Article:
I bet if you ditched the chest pocket and zipper you could add another 5-10g of insulation which would make the jacket 10-25% warmer. That's pretty significant. I'm not too sure how much insulation other similar jackets use, but 40g sure doesn't sound like much. I wonder how much insulation the BPL Light UL 60 Hoody uses. I really need to examine one of these in real life. I'm slowly being swayed towards synthetic for my insulated jacket since my quilt is down.Aug 22, 2009 at 1:41 am #1522413
@mikefaedundeeLocale: Under a bush in Scotland
You'll probably find that the 40g is 40g/m2, not a total of 40g.Aug 22, 2009 at 1:44 am #1522414
Ahh I see….that makes a lot more sense.Aug 22, 2009 at 2:12 am #1522417
I have never cared for the use of insulated clothing as an addition to a sleeping bag not sufficiently warm enough for the ambient conditons, with the exception of either my Richard Egge "double duvet" down parka or my I.D. Dolomitti parka plus an "elephant's foot", my latest one is from "Wildthings" and is Epic over Pl.
Many will hotly argue and likely condemn my choices, possibly even deciding that they are not within the purview of this forum, but, I have used a lot of down jackets and several synthetics in western and northern Canada for 45+ years and find little difference between them. The DOWN is FAR superior in real cold, 0*F and colder while I like my Montbell Thermawrap Ultralite for summer use, my I.D. Rundle jacket ( I have two as a result of a gift from my wife when I had already bought one….hard to take, but….) for hunting and BC coastal use and the I.D. Dolomitti for interior winter trips.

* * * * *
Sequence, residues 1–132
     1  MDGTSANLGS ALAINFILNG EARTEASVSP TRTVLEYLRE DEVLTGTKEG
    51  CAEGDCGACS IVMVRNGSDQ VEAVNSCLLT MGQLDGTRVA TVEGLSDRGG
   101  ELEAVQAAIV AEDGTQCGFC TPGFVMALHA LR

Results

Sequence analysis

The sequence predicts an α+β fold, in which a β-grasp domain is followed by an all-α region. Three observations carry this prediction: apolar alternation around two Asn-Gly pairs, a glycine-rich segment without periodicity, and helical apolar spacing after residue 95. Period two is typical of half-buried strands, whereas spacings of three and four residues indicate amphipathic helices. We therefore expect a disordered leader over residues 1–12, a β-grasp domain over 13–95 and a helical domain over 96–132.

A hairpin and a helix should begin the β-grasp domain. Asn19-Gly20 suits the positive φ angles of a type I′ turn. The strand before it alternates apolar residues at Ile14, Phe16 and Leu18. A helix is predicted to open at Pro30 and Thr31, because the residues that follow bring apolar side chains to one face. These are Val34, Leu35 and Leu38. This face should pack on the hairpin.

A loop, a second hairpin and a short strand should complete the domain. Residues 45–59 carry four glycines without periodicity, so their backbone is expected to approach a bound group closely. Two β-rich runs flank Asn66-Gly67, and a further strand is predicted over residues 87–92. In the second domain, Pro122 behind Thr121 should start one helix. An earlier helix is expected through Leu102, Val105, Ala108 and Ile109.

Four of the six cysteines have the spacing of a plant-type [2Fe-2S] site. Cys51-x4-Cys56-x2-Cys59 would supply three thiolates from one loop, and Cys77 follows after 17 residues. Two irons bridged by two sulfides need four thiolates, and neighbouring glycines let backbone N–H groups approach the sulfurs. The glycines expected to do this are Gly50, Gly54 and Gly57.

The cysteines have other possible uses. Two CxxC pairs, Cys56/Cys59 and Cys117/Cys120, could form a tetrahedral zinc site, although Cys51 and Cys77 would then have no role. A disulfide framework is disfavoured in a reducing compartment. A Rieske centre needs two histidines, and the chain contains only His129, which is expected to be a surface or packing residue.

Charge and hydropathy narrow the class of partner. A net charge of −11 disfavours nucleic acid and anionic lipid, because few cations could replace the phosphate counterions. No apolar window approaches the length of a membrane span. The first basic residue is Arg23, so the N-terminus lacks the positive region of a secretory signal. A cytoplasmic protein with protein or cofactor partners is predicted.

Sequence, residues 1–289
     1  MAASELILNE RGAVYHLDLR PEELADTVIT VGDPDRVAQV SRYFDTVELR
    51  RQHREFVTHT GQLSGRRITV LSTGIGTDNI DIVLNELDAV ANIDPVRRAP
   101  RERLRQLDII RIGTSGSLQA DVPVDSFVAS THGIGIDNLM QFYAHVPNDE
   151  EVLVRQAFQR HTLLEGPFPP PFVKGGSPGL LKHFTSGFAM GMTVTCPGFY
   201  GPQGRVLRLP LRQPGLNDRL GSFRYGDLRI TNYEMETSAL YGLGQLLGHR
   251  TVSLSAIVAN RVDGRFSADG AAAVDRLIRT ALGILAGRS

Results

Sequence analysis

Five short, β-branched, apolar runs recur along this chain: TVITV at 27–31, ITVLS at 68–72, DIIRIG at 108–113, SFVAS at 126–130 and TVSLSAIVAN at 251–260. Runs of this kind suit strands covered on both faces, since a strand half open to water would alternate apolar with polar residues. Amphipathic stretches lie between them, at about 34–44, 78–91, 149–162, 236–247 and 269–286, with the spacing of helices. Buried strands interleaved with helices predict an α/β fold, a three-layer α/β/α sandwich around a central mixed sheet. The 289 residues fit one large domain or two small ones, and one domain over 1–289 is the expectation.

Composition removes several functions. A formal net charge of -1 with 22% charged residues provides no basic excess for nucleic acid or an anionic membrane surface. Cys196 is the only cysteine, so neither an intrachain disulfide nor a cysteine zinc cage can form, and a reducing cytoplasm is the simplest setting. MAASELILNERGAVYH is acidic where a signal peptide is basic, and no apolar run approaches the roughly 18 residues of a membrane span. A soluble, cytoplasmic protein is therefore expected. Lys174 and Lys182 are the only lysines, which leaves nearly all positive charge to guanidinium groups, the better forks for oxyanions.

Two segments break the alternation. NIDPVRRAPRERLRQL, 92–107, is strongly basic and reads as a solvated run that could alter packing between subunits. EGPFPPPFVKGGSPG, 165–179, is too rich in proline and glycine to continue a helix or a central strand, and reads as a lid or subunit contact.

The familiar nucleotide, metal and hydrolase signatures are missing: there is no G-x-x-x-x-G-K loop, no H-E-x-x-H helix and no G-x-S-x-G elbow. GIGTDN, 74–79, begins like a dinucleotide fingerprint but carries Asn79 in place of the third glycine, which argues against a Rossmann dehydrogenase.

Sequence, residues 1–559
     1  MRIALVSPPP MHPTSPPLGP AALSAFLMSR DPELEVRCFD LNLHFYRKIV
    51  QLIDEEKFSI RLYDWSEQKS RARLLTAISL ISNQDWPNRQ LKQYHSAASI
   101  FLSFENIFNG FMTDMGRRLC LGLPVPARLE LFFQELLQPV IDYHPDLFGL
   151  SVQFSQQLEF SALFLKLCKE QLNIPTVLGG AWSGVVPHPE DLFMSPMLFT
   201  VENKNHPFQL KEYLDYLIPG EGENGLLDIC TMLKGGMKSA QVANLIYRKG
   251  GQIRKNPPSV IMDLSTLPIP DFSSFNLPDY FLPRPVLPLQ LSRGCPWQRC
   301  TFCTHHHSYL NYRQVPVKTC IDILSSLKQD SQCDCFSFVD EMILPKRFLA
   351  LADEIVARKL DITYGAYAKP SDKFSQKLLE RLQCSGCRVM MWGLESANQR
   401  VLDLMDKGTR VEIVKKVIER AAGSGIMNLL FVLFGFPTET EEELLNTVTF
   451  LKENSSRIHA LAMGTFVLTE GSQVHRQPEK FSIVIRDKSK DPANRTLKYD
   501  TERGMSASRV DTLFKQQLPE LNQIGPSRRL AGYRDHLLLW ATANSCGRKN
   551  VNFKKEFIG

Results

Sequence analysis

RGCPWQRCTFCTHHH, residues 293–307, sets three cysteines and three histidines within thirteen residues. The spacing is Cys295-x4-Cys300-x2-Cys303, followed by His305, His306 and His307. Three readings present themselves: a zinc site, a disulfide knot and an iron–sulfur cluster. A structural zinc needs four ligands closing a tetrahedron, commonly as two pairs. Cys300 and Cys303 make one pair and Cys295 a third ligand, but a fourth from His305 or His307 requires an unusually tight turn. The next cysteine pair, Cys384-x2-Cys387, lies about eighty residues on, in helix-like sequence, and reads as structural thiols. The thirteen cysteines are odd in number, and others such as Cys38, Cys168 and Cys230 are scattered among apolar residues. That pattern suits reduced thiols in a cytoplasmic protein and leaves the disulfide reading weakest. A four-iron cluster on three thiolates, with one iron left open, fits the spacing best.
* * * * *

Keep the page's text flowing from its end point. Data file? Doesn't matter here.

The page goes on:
When it is -20*F and one is out for several nights, a really good down parka and the old EGGE was the finest in it's day and still better than most I see available as only PHD in "merrye Englande" makes down parkas of that quality nowadays, is THE way to go. I have never had this wet enough to have problems and have even carried a full expedition-sized pack while wearing it and using X-country skis to come 11 miles out to the highway from a camp I used to keep all winter in the mountains near my hometown.
Today, with the price of down gear, I would tend toward Primaloft and I.D., Wildthings or Montbell as sources. The discrepancy in weight in the M.E.C. gear is pretty typical of their stuff, IME, but, "you get what you pay for".Aug 22, 2009 at 7:36 am #1522461
No one ever suggested this would be a cold weather item. Yes, we know your fondness for ID and your distrust of MEC. Thanks for the repetition.Aug 22, 2009 at 9:47 am #1522482
Steven EvansBPL Member
I'll have to check this jacket out over the weekend. Did you guys see the video for it?…cool that they did that.Aug 22, 2009 at 9:52 am #1522483
Pepe LPBPL Member
@pepelpLocale: New Mexico